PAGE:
Art in Liverpool, issue #25 – Editorial

The relationships between culture and horticulture are fairly fluid, but the way the worlds operate has always been closely tied.

RHS Chelsea Flower show last month, miles from Liverpool, while spectacular, hosted the same perpetual problem that underlies the exhibition programmes in almost all our galleries: a means to an end.

The theme that Chelsea lit up this year was ecological preservation – through, carbon reduction, plastic waste, rising temperatures (and their impact on how, and what, we plant), and the necessity for organic gardening. It’s admirable, and Chelsea makes an impact on the gardening world. They say jump, we say how high. But. Their gardens last a few days, then, despite the efforts of most designers, are dumped, or mulched. Or, in the best case scenario, get lifted piece by piece on to the back of lorries, and carted off around the country, having already been carted up and down motorways to get there.

It’s hard to believe wholeheartedly in something, when the person telling you it uses contradictory methods to tell you it in the first place.

The parallels with gallery programmes might not be direct, but any conversation about bringing local artists into programmes inevitably starts with boards containing few, or no, local artists. Events expecting to teach funding methods and sustainability to small independent arts organisations and collectives are typically initiated by the collectives, rather than the ones with the wisdom to impart.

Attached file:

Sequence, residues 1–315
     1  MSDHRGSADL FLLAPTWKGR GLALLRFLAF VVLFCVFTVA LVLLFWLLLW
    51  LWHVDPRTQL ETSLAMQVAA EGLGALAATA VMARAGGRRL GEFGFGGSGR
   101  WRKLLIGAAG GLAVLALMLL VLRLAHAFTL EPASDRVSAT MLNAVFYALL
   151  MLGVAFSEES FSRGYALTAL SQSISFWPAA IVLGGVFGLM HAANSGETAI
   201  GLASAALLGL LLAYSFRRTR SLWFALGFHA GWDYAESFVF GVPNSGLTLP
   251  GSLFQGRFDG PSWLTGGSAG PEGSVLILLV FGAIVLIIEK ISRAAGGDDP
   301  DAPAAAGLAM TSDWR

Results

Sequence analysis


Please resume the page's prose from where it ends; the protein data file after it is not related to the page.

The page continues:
And in many ways that’s fine, because it’s the responsibility of ourselves to build our own careers, not the responsibility of those who’ve already built their own. It’s the presentation of it all though. The creation of support, which has taken desperation to create.

I owe a great deal to Arts Council England, and their support over the years to Art in Liverpool, and their more recent support in times of crisis. But there are simple changes (whose main challenges are administrative rather than financial) which could have created real resilience for artists in worse positions than Art in Liverpool. More flexible criteria, less ambitious annual turnovers, a blind eye turned here or there to funding history.

There are reasons it didn’t happen, but it’s another moment where the resilience of the sector is presented to us, without real transparency over the way we achieved it.

There are less direct hypocrisies from the art world, than the gardening world, but it all circles back to ensuring that the means we take to whatever end, matches the impact of the end result. The journey taken to support local artists, and ensure the resilience of our industry doesn’t need to start at the top.

And, in case it didn’t come through, I still very much love both of those worlds.